Social media environments and online communities are innovative collaborative technologies that challenge traditional definitions of information literacy. Metaliteracy is an overarching and self-referential framework that integrates emerging technologies and unifies multiple literacy types.
This redefinition of information literacy expands the scope of generally understood information competencies and places a particular emphasis on producing and sharing information in participatory digital environments.
Digital citizenship is important to understand for today's students, staff, and teachers. Microsoft has just unveiled a free curriculum that gives great tips and ideas on teaching digital citizenship and creative content.
The entire curriculum might be available on the cloud, which students might be able to access from the comfort of their home or even the playground. We expect broadband connectivity to become widely available by 2020. Earlier we had been thinking that a vast digital library of all the lectures will get developed, but now library is the not the point.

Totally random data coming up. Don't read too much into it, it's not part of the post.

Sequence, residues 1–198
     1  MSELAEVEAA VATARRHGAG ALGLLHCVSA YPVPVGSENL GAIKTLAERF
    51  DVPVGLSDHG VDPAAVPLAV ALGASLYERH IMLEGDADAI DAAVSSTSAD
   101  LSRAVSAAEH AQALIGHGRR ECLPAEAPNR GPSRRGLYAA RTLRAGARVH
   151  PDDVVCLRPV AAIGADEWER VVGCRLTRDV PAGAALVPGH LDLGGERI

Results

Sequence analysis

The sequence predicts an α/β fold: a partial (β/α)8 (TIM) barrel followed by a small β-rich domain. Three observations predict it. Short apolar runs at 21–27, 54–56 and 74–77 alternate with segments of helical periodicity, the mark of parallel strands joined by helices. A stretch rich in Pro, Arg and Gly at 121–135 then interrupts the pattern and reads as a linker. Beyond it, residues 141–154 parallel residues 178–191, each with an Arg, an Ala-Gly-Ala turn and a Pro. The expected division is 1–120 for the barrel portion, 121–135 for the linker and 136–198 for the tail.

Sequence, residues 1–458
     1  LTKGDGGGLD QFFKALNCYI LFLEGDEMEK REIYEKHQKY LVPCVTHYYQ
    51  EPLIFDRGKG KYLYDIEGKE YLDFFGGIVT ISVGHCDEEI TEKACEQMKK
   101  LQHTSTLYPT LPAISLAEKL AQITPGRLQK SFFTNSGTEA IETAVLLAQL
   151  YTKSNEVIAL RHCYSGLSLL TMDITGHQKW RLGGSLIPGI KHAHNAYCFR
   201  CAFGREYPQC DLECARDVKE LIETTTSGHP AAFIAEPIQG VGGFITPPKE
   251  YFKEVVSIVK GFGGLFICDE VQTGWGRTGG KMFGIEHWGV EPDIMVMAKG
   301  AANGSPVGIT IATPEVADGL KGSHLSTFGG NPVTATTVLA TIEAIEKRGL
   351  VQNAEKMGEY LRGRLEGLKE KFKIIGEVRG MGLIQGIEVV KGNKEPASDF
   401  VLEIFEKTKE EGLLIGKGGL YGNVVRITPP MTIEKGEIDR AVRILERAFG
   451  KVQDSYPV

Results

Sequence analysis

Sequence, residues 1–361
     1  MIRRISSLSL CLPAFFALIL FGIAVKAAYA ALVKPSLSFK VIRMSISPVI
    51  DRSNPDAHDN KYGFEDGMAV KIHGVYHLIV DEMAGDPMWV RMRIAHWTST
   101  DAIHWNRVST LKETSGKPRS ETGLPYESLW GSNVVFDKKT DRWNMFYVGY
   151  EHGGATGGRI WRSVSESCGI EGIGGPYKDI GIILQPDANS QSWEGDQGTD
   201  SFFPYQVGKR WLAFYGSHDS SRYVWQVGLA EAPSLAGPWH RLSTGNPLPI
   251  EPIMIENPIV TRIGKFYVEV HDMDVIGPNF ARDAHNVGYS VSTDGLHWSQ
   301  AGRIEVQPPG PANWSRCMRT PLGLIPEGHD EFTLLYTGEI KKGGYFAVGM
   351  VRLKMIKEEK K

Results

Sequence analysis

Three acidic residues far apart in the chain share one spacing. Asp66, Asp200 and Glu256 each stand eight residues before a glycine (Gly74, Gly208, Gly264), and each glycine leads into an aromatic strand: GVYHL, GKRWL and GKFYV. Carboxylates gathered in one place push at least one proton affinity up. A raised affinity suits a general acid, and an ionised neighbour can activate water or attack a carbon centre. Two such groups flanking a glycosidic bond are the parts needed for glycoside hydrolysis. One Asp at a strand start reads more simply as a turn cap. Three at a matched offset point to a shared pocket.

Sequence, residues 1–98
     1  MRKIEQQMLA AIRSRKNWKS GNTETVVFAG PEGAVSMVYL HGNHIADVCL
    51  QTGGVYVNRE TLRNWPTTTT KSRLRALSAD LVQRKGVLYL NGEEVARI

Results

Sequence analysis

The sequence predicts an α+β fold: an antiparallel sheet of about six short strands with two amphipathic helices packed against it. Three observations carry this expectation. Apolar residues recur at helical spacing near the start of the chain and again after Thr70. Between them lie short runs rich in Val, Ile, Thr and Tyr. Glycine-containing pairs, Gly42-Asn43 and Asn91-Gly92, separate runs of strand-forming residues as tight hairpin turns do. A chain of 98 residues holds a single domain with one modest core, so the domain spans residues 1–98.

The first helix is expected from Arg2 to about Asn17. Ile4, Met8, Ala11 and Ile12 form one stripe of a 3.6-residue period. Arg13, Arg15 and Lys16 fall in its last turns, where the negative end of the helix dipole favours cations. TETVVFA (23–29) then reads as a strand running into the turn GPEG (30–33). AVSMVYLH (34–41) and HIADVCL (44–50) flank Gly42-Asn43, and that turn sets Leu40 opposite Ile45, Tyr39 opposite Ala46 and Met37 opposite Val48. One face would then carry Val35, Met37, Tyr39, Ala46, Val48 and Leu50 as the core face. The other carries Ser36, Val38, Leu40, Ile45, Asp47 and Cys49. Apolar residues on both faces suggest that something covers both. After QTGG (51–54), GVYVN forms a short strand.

"Let's have a look at what ESchool News recommends for the best technology skills for students to learn. From essential online literacy to exploring new technologies for learning, this is useful digital prowess for not only students, but practically everyone who works and learns online in the digital age." - Ian jukes
In the past couple of years, digital education has experienced such profound growth and investment that it’s not hard to imagine that its momentum will only continue to build and re-shape schools and classrooms. But as important as building the technology to enable competency-based classrooms is building teacher support and education for new models. The technology is increasingly there, but the challenge is breaking through bureaucracy and overcoming entrenched ways of thinking about how education is structured and experienced.
"Some educators seek out the ideal of a 21st century learning environment constantly, while others prefer that we lose the phrase altogether, insisting that learning hasn’t changed, and good learning looks the same whether it’s the 12th or 21st century.